Figure 5. Proportion and probability of BGT by clause type

4.1.3 Temporal proximity

The temporal proximity of the future event has been widely discussed as linked to the variation between BGT and will. In the grammaticalization literature, it has been argued that because BGT retains aspects of its earlier ‘purposive movement’ meaning, it is favoured with more proximal events (Hopper & Traugott 2003: 89). However, as Torres Cacoullos & Walker (2009: 326) point out, as BGT further grammaticalizes, this association is expected to become bleached. Indeed, Tagliamonte et al. (2014: 99) report that a statistically significant effect of proximity is present only in speech communities where BGT has just begun to penetrate the grammar. By the time it reaches approximately 20 per cent of the system, the effect of proximity is gone. Others have argued that BGT and will are pragmatically distinct with respect to whether or not there is an implicature that ‘there are present indications or circumstances which suggest that something will happen’ (Wekker 1976: 128; cf. Haegeman 1989). For example, Huddleston & Pullum (2002: 211) note the contrast in (17); (17a) suggests that the dog will imminently take the roast, while (17b) lacks ‘the focus on matrix [clause] time’ (in this case interpreted as lack of immediacy).

  1. (17)
    1. (a) The dog’s going to take the roast.

    2. (b) The dog will take the roast.

The temporal proximity of events and whether or not one expresses a focus on the matrix time are related by virtue of the rules of the world (i.e. we are more likely to have present indications about events that will happen in the more proximal future than in the more distal future). However, this correlation is not strict (Huddleston & Pullum 2003: 212). Indeed, Torres Cacoullos & Walker (2009: 330) observe no ‘straightforward linear correlation between degree of temporal proximity and any of the variants [of FTR]’. We replicate Torres Cacoullos & Walker's (2009) examination of temporal proximity and code each token for the proximity of the future event from matrix clause time (= speech time as we do not consider future-in-the-past contexts): within a minute, an hour, a day, tomorrow, within a week, a month, a year and beyond a year.13 Figure 6 plots the overall proportion of BGT according to these eight temporal categories.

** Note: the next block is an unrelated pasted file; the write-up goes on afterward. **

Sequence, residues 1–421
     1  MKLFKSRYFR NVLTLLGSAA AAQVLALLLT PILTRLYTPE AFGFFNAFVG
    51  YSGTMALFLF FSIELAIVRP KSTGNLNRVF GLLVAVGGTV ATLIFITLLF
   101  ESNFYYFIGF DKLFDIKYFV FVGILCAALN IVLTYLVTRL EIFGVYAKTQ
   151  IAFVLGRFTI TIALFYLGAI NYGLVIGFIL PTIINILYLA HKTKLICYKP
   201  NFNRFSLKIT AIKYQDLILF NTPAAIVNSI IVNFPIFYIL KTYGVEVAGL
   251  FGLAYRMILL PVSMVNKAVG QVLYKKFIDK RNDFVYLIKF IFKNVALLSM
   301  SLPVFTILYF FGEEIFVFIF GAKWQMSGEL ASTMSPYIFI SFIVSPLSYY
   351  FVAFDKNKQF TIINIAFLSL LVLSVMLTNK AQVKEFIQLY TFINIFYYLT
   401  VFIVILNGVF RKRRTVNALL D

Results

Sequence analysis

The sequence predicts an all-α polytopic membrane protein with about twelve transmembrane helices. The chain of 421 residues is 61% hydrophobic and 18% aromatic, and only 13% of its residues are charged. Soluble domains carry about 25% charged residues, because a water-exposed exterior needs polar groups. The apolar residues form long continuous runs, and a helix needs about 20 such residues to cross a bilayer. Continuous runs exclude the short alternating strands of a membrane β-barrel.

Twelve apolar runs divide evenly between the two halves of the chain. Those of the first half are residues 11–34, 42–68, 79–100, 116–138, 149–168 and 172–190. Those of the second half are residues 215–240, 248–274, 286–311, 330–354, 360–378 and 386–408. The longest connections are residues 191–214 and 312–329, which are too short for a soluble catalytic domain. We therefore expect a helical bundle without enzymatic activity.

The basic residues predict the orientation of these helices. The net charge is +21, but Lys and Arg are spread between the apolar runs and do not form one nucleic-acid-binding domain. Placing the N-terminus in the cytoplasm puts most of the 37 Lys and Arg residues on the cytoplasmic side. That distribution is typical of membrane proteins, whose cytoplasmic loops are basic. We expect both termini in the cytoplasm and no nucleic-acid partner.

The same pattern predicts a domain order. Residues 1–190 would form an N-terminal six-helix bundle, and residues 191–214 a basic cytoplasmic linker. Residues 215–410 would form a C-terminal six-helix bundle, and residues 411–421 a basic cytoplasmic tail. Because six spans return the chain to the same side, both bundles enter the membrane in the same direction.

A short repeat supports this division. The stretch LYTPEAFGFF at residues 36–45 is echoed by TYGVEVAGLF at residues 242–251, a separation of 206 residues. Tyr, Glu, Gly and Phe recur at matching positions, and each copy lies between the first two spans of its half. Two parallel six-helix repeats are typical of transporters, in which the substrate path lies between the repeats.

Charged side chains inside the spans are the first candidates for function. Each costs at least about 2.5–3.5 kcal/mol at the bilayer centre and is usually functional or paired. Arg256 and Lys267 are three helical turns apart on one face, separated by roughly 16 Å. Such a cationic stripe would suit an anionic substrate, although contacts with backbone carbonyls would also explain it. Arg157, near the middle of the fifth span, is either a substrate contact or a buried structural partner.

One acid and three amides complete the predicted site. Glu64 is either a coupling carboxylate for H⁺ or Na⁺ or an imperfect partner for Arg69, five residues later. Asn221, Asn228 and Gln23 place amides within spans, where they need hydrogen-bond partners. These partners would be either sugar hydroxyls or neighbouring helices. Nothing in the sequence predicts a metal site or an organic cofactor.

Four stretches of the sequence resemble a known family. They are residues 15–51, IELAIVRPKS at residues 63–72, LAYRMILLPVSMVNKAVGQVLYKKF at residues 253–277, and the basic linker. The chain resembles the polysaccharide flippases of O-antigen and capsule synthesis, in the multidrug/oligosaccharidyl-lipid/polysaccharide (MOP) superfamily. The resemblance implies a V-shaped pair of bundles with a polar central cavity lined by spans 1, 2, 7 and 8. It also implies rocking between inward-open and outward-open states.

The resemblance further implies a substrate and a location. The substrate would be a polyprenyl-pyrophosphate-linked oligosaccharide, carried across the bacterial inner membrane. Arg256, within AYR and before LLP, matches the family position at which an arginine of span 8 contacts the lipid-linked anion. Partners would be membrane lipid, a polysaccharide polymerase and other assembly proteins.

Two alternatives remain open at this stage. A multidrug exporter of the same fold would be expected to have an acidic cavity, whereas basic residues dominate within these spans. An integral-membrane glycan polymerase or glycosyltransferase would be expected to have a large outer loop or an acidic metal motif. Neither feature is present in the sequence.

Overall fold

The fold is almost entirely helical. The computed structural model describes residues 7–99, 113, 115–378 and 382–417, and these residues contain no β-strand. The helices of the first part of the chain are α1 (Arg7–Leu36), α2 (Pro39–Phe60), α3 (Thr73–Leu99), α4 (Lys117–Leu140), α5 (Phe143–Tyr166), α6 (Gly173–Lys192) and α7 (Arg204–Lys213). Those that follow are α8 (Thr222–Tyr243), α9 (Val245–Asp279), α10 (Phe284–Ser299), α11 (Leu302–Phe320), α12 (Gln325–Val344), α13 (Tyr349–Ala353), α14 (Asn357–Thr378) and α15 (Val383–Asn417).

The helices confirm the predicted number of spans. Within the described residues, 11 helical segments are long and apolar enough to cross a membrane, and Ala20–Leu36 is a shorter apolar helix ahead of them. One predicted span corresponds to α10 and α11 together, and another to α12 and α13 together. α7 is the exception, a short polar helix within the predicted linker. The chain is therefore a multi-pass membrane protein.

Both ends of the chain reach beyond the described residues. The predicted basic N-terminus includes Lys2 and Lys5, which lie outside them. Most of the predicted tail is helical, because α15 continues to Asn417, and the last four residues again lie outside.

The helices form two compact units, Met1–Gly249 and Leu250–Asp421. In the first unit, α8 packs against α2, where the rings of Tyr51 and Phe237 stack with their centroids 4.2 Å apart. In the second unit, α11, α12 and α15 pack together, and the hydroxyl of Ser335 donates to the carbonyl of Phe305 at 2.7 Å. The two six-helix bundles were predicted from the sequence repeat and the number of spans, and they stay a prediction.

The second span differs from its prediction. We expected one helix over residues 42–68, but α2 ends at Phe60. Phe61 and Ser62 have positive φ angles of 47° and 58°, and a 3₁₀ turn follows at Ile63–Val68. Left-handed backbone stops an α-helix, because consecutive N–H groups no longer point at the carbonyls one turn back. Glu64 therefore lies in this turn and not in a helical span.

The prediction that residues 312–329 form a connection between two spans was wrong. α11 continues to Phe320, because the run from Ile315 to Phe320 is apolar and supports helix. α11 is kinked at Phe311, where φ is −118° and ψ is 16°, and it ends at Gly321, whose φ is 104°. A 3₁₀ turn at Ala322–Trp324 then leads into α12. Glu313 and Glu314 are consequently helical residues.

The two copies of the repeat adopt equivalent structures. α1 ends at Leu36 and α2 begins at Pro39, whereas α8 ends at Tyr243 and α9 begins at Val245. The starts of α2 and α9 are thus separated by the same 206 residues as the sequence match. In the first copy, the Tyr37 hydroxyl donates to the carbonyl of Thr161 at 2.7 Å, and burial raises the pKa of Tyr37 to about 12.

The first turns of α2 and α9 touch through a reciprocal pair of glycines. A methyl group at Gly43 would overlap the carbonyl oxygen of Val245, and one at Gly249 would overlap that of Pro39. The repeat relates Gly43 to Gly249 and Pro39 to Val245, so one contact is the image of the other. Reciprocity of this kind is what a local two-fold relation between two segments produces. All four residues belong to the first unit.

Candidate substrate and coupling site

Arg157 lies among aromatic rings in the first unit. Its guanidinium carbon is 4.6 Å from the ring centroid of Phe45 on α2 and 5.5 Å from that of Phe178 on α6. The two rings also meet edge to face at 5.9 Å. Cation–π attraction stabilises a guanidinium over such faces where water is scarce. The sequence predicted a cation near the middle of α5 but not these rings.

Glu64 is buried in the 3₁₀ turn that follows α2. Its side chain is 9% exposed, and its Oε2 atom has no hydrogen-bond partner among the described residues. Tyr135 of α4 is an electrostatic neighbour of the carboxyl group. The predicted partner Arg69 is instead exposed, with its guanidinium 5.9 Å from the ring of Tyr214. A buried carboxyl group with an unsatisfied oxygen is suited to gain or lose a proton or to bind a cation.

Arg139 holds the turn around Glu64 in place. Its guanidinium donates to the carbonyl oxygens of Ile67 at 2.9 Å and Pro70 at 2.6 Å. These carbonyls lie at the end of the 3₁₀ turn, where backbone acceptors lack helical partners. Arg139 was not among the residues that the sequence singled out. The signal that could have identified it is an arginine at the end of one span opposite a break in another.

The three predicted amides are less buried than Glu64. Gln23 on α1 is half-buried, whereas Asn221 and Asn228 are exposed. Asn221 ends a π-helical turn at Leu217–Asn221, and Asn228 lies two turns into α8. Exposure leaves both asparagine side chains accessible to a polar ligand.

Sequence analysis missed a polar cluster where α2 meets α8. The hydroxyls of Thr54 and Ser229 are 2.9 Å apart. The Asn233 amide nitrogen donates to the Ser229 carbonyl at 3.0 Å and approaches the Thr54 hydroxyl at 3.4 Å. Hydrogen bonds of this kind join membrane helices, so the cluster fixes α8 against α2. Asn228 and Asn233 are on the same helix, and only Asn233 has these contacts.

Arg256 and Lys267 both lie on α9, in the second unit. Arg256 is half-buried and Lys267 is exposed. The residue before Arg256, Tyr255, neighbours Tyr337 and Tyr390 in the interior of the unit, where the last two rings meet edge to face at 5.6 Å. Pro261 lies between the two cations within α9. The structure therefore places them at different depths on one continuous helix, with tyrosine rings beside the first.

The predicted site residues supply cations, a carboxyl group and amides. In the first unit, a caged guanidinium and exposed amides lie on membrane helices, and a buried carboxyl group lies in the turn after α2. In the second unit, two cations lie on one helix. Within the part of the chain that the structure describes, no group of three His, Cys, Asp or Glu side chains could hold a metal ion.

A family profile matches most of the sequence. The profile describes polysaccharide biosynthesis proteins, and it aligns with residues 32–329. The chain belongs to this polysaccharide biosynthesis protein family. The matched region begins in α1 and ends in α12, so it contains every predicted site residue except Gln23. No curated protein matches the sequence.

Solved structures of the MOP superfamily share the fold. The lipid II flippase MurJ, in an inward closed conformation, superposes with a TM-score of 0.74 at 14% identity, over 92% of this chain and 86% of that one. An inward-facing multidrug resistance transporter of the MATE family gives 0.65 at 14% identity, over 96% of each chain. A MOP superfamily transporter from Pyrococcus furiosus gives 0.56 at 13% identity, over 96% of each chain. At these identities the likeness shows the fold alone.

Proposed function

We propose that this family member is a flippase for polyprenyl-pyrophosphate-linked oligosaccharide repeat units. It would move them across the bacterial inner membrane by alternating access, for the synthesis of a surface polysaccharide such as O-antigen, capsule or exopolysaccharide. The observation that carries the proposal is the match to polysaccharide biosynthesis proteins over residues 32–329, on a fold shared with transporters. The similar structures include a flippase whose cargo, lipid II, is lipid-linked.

Figure 6. Overall proportion of BGT by temporal proximity breaks

Consistent with Torres Cacoullos & Walker (2009) and Tagliamonte et al. (2014), we find no correlation between proximity and the frequency of will and BGT. There is a surprising upswing in the frequency of BGT with crastinal (tomorrow) futures but otherwise the trajectory shows stability. A lack of temporal proximity distinctions could be the result of semantic bleaching of both variants (see Torres Cacoullos & Walker 2009). However, consider the polar ends of the chart; the more proximal events have relatively lower rates of BGT, while more distal events have relatively higher rates. To assess the significance of this result, we partition the data into a binary predictor for proximity. This new predictor contrasts hodiernal events (happening today), as in (18a), with distal events (happening beyond today), as in (18b). This contrast is common in languages that distinguish temporal proximity morphologically (either in future or past tense) (Dahl 1984: 112–13).

  1. (18)
    1. (a) This is my frivolous day. I’m going to play badminton. (F/78)

    2. (b) He’ll be in grade four next year. (F/37)

Figure 7 shows the apparent-time trajectory of BGT with respect to the binary proximity effect. Across the age range of the TEA, distal futures favour BGT. This is the opposite effect from what is predicted for BGT if it retains its hypothesized ‘purposive movement’ sense. Furthermore, both distal and hodiernal future times are changing towards BGT. While Torres Cacoullos & Walker (2009: 326) suggest that this semantic nuance may be bleaching (or may have already been bleached), figure 7 suggests a change in line with the CRE across apparent time with BGT rising at a constant rate in both contexts.

Figure 7. Proportion and probability of BGT by temporal proximity

4.1.4 Verbs of motion